February 03, 2009

Taking Hints Gets Easier

Implementing new features and functions that improve SQL performance has been a long-time challenge for IBM, because these enhancements require a rebind of all the packages in the catalog. For years many customers would apply maintenance and upgrades, but refuse to rebind out of fear that changes to the access paths would cause well-running packages to be ridden with increased CPU and/or elapsed times. 

To help give some security to the situation, IBM delivered hints with DB2 version 8. The idea with hints is to provide a manual override to the access path chosen by the optimizer.  So if a rebind after some maintenance or upgrade causes the optimizer to choose a poor access path, you can revert to the previous path.

Many DBAs frown on this technique because over time the optimizer keeps improving, delivering efficient new access paths that you'd never use if you relied on hints. Others are reluctant to deal with the technical requirements. Hints can be complicated to implement. Some vendors have even developed products to help you implement and manage hints.

To address the technical roadblocks of rebinding, IBM has introduced, via maintenance APAR PK52523, Plan Stability with DB2 9 for z/OS.

Plan Stability makes it very easy to use the REBIND command to fall back to a previous copy of the package access path. The REBIND plan management options are:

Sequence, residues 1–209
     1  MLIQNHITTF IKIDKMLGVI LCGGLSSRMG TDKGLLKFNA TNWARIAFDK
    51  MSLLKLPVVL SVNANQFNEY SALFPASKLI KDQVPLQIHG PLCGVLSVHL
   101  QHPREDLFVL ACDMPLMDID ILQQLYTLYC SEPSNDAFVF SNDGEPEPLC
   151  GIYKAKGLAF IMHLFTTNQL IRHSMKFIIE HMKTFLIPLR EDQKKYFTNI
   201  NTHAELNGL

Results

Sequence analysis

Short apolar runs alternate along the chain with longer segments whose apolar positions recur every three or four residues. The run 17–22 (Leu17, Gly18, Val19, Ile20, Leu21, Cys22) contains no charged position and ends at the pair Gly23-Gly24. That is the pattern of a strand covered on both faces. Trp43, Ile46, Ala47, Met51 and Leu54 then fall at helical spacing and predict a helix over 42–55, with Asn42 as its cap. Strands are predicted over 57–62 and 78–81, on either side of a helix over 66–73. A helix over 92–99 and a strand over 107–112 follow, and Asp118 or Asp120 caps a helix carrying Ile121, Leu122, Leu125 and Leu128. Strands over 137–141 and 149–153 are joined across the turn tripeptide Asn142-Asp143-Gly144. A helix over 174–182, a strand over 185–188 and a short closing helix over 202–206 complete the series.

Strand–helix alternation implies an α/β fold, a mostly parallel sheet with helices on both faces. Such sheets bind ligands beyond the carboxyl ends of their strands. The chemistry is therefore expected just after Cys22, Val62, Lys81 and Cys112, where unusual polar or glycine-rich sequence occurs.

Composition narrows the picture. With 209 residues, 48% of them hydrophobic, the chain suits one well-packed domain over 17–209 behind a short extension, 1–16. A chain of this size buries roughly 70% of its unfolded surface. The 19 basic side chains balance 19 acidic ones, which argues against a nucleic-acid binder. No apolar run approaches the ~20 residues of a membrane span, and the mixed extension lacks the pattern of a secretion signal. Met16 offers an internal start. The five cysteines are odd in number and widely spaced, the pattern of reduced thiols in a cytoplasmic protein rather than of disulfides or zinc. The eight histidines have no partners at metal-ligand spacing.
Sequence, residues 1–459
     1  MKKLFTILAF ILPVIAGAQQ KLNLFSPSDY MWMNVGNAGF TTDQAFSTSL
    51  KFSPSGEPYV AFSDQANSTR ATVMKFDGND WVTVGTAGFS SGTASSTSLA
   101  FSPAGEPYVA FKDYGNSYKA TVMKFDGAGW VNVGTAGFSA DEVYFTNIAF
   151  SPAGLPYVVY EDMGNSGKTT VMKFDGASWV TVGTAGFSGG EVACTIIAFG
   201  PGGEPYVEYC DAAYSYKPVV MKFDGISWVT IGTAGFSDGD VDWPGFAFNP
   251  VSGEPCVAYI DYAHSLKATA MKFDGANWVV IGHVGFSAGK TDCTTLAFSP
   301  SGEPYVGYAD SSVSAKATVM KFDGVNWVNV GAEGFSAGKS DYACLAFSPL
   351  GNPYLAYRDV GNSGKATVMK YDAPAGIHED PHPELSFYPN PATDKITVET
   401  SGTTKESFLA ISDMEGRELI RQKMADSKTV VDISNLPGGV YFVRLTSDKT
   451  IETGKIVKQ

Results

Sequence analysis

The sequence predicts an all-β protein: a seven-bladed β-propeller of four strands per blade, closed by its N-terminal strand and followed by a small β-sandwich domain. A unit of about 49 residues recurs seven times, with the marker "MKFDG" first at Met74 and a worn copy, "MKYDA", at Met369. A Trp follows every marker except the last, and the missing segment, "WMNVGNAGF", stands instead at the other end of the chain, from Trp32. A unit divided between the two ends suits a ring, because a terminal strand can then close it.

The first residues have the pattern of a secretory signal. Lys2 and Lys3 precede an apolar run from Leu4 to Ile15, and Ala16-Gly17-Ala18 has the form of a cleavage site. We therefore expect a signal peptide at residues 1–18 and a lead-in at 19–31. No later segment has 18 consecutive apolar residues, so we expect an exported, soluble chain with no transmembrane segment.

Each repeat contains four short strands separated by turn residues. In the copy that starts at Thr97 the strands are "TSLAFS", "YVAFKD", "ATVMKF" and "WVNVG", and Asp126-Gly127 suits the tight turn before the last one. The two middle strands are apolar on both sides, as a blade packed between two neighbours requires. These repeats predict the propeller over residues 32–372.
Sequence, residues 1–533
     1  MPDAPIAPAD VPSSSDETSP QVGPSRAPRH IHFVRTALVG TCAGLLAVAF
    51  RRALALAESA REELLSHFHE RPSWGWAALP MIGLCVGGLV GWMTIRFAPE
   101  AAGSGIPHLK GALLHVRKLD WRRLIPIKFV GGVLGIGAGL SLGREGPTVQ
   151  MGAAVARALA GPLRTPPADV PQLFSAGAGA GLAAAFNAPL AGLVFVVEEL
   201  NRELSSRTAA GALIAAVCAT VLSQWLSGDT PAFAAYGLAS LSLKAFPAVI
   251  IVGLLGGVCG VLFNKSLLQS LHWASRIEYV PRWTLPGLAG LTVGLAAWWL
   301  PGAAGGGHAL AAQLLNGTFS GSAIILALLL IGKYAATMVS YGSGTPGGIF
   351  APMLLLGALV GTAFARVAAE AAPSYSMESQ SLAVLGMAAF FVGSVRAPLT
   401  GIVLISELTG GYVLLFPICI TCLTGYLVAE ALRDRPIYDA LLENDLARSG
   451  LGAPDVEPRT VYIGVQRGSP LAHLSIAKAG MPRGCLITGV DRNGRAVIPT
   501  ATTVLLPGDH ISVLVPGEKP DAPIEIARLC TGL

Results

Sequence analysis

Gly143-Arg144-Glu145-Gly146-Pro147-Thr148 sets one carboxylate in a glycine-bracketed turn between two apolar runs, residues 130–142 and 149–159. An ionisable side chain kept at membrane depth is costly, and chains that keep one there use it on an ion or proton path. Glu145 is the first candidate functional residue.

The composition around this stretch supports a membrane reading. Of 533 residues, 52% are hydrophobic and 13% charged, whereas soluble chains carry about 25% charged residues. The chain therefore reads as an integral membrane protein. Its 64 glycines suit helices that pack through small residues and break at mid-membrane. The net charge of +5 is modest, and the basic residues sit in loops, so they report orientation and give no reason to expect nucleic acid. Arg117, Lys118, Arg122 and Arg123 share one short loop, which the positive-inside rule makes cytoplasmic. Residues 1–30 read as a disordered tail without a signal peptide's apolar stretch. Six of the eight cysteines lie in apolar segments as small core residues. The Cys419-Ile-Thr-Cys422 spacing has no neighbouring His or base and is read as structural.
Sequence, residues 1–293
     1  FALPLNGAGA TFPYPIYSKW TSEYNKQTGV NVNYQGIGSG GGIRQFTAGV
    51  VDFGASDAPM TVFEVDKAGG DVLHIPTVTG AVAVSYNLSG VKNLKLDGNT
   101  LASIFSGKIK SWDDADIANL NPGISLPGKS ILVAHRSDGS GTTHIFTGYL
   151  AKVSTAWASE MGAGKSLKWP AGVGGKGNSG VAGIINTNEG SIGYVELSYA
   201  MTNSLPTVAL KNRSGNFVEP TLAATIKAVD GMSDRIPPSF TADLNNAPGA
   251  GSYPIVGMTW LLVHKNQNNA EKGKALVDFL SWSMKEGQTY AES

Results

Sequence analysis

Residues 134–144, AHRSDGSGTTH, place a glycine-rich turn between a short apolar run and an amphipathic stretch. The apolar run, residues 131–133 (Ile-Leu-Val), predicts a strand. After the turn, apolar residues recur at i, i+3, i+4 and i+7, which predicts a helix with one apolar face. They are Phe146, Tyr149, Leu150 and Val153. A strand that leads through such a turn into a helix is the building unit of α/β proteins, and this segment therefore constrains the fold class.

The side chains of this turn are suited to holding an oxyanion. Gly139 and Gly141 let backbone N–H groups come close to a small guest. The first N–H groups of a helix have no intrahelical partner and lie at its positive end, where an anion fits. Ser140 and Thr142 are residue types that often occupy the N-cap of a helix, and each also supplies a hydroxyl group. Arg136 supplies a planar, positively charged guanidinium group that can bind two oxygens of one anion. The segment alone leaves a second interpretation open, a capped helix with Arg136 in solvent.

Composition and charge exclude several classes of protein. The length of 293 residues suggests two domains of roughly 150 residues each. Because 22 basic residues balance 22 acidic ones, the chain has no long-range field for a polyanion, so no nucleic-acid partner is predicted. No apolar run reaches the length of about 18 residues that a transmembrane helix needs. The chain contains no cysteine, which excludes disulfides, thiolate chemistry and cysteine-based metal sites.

• PLANMGMT(OFF) -- No change to existing behavior. A package continues to have one active copy
  • PLANMGMT(BASIC) -- A package has one active copy, and one additional old copy (PREVIOUS) is preserved.
  • PLANMGMT(EXTENDED) -- A package has one active copy, and two additional old copies (PREVIOUS and ORIGINAL) are preserved.

Using the REBIND SWITCH parameter, you can switch back to a previous copy or to the package's original copy:

  • REBIND SWITCH(previous) – The previous copy is activated
  • REBIND SWITCH(original) – The original copy is activated

So now with DB2 V9 you don't have to fear access path changes spawning performance nightmares. Once a performance problem is spotted, it just takes a few seconds to rebind and switch back to a previous or original copy of the package access path.

(Note: For much more on hints, check out this presentation by IBM's Patrick Bossman.)